Connolly – Federal Court of Appeal finds that the CRA internal guidelines on waiving the RRSP over-contribution tax were inherently unreasonable

S. 204.1(4) provides that the tax imposed on RRSP contributions may be waived by the Minister if she is satisfied that the over-contribution “arose as a consequence of reasonable error, and reasonable steps are being taken to eliminate the excess.” Internal CRA guidelines stated that “Reasonable error means that the taxpayer did not intend to over contribute to their RRSP/PRPP and that it happened because of extraordinary circumstances beyond their control” (i.e., a mere mistake as to the contribution limit is not reasonable error) and that “reasonable steps” allowed the taxpayer “two months from the date of the Agency’s letter to withdraw funds and submit proof.”

Gleason JA found that these guidelines were unreasonable, stating:

The delegate’s interpretation of subsection 204.1(4) of the ITA (as well as the interpretation set out in the internal CRA guideline, on which the delegate relied) thwarts the subsection’s remedial purpose as it virtually extinguishes the Minister’s discretion … . Nearly every error a taxpayer might make in over-contributing to his or her RRSP (other than a simple arithmetical error) will be caused by a misunderstanding of the applicable limits – an error of law. … Similarly, the fact that the error might have been made by a third party advisor or as a result of erroneous advice given by such advisor does not automatically mean that the error cannot be reasonable.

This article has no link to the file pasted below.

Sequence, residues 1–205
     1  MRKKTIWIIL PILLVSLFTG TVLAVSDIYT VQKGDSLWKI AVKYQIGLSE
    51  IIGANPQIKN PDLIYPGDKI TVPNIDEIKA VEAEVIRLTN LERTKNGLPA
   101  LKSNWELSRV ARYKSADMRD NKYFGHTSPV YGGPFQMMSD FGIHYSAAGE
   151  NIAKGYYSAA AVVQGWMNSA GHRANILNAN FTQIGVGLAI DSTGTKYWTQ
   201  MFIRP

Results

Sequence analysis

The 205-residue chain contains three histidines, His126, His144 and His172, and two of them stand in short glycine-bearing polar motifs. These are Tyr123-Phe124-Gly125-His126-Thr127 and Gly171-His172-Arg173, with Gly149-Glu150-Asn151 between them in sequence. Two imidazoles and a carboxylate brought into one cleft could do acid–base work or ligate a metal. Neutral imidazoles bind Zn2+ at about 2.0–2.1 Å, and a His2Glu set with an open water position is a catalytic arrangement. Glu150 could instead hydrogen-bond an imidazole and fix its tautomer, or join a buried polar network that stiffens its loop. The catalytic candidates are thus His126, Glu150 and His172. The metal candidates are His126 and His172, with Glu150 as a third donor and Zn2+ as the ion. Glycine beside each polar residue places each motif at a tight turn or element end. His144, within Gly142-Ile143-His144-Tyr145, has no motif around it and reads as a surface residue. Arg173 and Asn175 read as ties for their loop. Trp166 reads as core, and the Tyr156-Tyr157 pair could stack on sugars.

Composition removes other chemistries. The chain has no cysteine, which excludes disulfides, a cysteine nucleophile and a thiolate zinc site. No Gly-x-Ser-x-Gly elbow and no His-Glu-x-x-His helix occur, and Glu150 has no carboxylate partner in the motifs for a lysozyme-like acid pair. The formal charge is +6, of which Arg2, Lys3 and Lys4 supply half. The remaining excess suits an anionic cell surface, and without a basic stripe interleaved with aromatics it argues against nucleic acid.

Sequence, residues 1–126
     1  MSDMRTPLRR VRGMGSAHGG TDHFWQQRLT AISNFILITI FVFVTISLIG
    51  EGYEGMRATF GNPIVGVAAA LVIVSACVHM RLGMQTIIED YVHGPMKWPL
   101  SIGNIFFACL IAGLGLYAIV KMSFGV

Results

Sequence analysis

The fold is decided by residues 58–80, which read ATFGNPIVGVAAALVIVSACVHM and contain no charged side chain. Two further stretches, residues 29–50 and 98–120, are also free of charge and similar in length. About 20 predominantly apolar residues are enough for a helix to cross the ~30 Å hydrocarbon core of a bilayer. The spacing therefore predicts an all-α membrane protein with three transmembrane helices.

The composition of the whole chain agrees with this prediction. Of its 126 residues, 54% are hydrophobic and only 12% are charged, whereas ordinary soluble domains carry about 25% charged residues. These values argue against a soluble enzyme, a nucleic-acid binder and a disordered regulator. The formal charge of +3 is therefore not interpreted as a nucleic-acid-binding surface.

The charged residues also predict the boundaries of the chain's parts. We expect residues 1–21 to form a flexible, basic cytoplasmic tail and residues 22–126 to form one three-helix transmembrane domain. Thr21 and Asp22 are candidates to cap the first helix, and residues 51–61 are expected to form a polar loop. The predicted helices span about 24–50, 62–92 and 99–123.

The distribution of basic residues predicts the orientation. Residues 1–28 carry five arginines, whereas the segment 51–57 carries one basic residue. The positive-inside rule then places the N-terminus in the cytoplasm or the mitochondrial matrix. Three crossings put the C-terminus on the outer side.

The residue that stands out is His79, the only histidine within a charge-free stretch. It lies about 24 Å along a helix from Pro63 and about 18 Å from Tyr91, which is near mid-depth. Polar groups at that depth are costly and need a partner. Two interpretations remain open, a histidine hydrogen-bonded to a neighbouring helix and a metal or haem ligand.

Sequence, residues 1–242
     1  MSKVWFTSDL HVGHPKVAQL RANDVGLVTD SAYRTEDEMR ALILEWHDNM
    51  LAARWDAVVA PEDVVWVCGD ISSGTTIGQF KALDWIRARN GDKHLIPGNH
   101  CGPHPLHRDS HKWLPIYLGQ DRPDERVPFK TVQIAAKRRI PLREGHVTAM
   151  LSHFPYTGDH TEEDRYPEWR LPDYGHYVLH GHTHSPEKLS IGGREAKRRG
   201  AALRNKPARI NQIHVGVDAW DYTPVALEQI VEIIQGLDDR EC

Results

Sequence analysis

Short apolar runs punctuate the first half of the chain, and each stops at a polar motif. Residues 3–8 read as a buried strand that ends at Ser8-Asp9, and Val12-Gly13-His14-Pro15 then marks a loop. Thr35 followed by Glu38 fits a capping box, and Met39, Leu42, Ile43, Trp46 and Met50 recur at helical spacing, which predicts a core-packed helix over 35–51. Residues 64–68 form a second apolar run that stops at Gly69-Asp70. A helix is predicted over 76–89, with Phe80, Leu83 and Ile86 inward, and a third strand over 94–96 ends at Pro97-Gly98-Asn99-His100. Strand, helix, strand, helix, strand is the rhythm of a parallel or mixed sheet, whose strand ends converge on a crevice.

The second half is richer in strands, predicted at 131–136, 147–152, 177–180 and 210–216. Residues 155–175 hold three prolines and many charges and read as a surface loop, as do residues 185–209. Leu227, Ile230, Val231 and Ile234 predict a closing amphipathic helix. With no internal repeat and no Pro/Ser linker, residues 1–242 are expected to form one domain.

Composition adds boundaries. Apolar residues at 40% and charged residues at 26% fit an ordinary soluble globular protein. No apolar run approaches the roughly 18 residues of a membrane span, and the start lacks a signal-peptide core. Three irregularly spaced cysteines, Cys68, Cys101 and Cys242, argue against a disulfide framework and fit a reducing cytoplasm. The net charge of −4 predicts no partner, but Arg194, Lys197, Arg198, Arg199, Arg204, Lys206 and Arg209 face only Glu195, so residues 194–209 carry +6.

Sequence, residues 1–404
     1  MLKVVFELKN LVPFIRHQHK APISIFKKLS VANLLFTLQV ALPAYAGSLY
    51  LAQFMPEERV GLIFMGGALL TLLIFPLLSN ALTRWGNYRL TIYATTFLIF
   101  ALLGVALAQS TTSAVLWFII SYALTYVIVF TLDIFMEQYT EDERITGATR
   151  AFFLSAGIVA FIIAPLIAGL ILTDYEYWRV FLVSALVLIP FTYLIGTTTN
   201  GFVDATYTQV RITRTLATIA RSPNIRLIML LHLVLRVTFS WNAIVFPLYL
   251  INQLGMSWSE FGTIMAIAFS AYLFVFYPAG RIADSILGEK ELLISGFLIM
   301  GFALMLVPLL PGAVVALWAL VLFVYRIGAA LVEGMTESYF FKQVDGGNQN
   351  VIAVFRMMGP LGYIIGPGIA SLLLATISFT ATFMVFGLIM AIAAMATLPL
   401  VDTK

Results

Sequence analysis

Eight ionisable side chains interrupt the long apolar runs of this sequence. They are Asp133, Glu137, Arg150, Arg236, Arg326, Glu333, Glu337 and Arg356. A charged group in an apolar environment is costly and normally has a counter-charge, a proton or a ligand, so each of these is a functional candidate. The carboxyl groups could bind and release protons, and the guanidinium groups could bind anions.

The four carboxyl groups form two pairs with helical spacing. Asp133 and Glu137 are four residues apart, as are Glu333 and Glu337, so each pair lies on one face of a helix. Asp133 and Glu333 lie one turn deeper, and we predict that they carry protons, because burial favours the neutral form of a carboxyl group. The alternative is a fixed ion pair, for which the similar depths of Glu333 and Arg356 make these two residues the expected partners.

… [Furthermore] the requirements to take reasonable steps to withdraw an RRSP over-contribution cannot be equated with immediacy or with the two-month timeframe mentioned in CRA’s internal “Guidelines for waiving tax – 19(23)7.23”.

However, she nonetheless did not find the CRA delegate’s refusal to provide relief to be unreasonable on the facts, given that the taxpayer had not sought any advice before over-contributing and had been very dilatory about addressing the situation once it was brought to his attention.

Neal Armstrong. Summary of Connolly v. Canada (National Revenue), 2019 FCA 161 under s. 204.1(4).